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Despite the growth of café culture across the United States, we are often reminded by our movie heroes that a basic black coffee )“a damn fine cup of coffee”) offers distinct pleasures. A Coffee in Berlin, the debut feature from German director Jan Ole Gerster, concerns a young man’s search for that very thing.
Nico (Tom Schilling) is a law school drop out who has broken up with his girlfriend and moved into a new apartment. He’s unemployed and begins the first day of the rest of his life by going out for coffee at a nearby café. His simple desire is thwarted by the lack of cash in his pocket and the uselessness of his debit card. This sets off an absurd journey that is equal parts Ulysses, Slacker and Italian Neo-Realism with a dash of Woody Allen thrown in for taste. Each goal is met with frustration and it appears his life is a series of “first world” curses cast upon him. For Nico, it isn’t just one of those days, it’s an existential echo of his own malaise.
Shot in black and white in and around contemporary Berlin, this is one of those movies where the city itself is as much a character as the humans moving through it. The film offers a view of the city that is street level and sets mundane struggles against the backdrop of the city’s larger role in history, both recent and distant. Despite this, the essence of the story, if not universal, certainly feels very American. Not only that, but it feels like United States circa 1992. Which presents interesting issues for audiences who aren’t from the generation the film is supposedly about and for. The problems of “Generation X” are an inheritance.
The film pulls you in and entertains even though there doesn’t really seem to be any reason for it to do so. This is one of those movies where nothing really happens, and it is so lo-fi that part of me wonders what makes this one different from the many, many, other student films that cover the same ground. Part of the success comes from the classic style that emphasizes photographic composition as a storytelling device. Everything about this film challenges the notion that YouTube has deadened young filmmakers’ understanding of visual technique. Nothing groundbreaking though, at times looks a little too much like a commercial, but it is a solid bit of production that is sadly a window light in a room darkened by quickie filmmaking.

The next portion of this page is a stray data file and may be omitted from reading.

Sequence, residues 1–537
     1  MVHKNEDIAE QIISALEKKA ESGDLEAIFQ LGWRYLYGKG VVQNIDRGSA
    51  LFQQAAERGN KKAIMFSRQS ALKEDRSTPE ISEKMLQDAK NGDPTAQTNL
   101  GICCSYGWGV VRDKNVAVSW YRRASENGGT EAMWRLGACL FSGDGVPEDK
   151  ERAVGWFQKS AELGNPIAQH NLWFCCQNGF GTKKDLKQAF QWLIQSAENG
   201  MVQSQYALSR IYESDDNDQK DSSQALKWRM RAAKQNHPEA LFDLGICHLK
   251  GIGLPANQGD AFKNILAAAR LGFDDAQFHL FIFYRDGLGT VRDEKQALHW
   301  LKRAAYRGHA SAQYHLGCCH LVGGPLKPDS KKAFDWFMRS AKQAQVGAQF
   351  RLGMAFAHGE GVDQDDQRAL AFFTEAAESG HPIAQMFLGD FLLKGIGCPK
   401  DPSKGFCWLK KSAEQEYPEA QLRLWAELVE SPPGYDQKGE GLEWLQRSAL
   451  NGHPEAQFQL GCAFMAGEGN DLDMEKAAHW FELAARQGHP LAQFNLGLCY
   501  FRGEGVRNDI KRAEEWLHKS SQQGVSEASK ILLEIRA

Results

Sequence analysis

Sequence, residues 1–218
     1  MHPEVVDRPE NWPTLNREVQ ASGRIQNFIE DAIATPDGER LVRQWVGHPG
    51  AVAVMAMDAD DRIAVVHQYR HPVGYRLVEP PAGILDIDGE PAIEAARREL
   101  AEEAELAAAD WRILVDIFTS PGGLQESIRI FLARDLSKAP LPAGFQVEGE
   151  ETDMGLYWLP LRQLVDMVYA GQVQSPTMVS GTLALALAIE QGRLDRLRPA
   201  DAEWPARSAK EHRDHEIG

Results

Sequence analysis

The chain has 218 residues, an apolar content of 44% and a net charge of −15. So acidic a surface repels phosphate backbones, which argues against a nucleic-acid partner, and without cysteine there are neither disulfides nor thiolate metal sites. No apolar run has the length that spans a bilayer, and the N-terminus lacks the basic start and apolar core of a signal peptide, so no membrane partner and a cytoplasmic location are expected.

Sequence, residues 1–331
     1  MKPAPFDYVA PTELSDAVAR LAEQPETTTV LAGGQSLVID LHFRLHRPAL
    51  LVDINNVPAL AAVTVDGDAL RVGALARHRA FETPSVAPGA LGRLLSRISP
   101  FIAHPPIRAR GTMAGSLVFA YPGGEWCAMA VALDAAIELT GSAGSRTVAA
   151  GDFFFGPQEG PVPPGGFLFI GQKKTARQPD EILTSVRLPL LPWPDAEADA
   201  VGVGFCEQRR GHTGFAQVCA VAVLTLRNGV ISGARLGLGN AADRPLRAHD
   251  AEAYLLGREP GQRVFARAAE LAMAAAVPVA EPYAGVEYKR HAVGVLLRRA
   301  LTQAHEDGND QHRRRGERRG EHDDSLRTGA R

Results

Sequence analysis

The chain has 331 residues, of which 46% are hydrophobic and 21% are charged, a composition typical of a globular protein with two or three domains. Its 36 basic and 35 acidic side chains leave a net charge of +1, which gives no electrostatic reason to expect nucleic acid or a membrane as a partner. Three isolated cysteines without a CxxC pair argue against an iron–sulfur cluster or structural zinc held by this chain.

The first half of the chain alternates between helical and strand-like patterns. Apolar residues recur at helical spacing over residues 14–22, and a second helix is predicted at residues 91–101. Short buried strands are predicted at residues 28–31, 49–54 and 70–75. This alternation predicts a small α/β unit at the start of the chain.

Most interesting about A Coffee in Berlin is the way the film addresses Berlin’s ubiquitous place in World War Two history. The first encounter comes when Nico meets an actor who plays a “sympathetic” German officer who is having a romantic affair with a Jewish woman in hiding. When asked if it was a true story, the actor tells Nico “it was WW2”, as if the term is a mystical catchphrase. Maybe in Germany, it is. Later in the film, Nico meets a man with a more direct connection to the Nazi era, and this encounter places all of his struggles of the day in stark contrast. (Literally, in fact, as the film takes on a noir tone.)
Eventually, Nico does find his coffee. This conclusion is delivered in a manner that is a bit too artful, and calls out the poetics in a way that is alien to the rest of the film. Even so, this ending does cast the rest of the day in such a way that you feel like your slight contempt at this aimless youth is shared by the film’s point-of-view. Yeah, Nico’s walking around in a city that was in total ruins sixty years ago, feeling bitter because he can’t get a coffee, and it is okay to think he’s a little spoiled, because on some level he knows that himself. As much as this shares with classic stateside indie slacker film, this kind of reflection and history is absent from those movies, so A Coffee in Berlin adds something to that sub-genre.
A Coffee in Berlin doesn’t offer many dramatic fireworks or inspire convulsions of laughter, and it doesn’t cover much new narrative ground. The film is in a position of reflection; looking back at the recent past, looking back at film history, looking back at historical roots. In effect, it is very much like a simple cup of black coffee. A dark and somewhat bitter drink that makes you pause as it prepares you for wakefulness in the time to come.